A Week at the World Social Forum— Where are the Co-op Activists?
By Isaac Ashton, SOMOS (Student Organized Movement for Ownership Solutions)
We live in extreme times. We see in our world today extreme polarizations of rich and poor, educated and uneducated, powerful and powerless. And while those of us in the richest country on earth seem to be in the most fear and despair, the people of some of the poorest countries in the world have a cause for the opposite extreme of celebration and hope. The reason is the World Social Forum. The WSF was created a few years back as a conference to represent the concerns and interests of the people of the developing world and has since grown into the largest and most inclusive international meeting of grassroots activists and community members in the world today. It was made as a response to the yearly meeting of the World Economic Forum, a highly publicized conference tucked far away in the mountains of Switzerland, which attracts the wealthiest businessmen and most powerful politicians in the world. While the men from the WEF continued on believing they could plot the fate of the world without the input from the rest of the 99% of the global population, the grassroots movement of activists that brought the WSF together thought differently. The fourth WSF was just held in India a few weeks ago attracting over 100,000 people from all over the world representing thousands of social movements. There were over 1200 workshops and discussions over the five day period, beginning and ending with stirring speeches and artistic performances. Inspiring banners draped the entire camp ground, and through the whole week bands played and people sang and marched through the streets. It was amazing to see the rainbow of cultures united together under a single banner—“ Another World is Possible.”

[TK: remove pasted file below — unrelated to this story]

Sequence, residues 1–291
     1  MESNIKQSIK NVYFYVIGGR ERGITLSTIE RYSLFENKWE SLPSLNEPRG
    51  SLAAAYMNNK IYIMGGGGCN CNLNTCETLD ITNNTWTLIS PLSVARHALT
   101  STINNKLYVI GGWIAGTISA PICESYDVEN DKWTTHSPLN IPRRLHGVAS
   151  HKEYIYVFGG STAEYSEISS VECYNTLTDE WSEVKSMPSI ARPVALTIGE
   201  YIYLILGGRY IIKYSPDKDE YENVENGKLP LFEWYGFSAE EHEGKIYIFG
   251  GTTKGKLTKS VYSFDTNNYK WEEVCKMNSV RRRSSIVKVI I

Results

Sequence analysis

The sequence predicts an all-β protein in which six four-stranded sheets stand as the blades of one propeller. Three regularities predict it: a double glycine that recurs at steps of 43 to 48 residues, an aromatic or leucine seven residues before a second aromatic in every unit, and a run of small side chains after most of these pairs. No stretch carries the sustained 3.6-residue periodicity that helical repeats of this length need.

This was my second time at the WSF representing groups called SOMOS and Self-Management International Interchange, both youth organizations working to promote greater grassroots participation in the economy through worker cooperatives and other forms of democratic businesses. My main reason for going to the last two WSFs was to give a workshop called “Worker Cooperatives and Economic Justice” aimed at inspiring young activists in the potential of cooperative movements as a tool to fight neo-liberalism and simultaneously alleviate poverty. The workshop went great. After a modest attempt at advertising, about 20 people came and afterward we were all enthusiastic to work together across the seas on common projects. I left excited but also a little concerned. One of the main uniting causes of the WSF is to seek alternatives to neo-liberalism which people from all over the developing world rightly see as a threat to their future prosperity and sovereignty. But out of more then one thousand workshops the one I gave was the only one I found which addressed the idea of taking the economy in our own hands through control and ownership of business. Most of the others dealt with the problems of capitalism, empowering unions, using boycott campaigns, empowering political parties, or promoting the fair-trade movement. These are all important, no doubt, but there seems to have been a collective blindness, as in many of the progressive movements, which only sees putting pressure on the current system to improve it rather then seeking alternatives, or, if alternatives are presented, only ones which are too far away or impractical to implement in our current climate. At the WSF, activists had the choice between improving or resisting capitalism or fighting for socialism, yet there seemed to be an appetite for something else, an answer not present. To me that answer has been the movement for worker cooperatives and democratic businesses.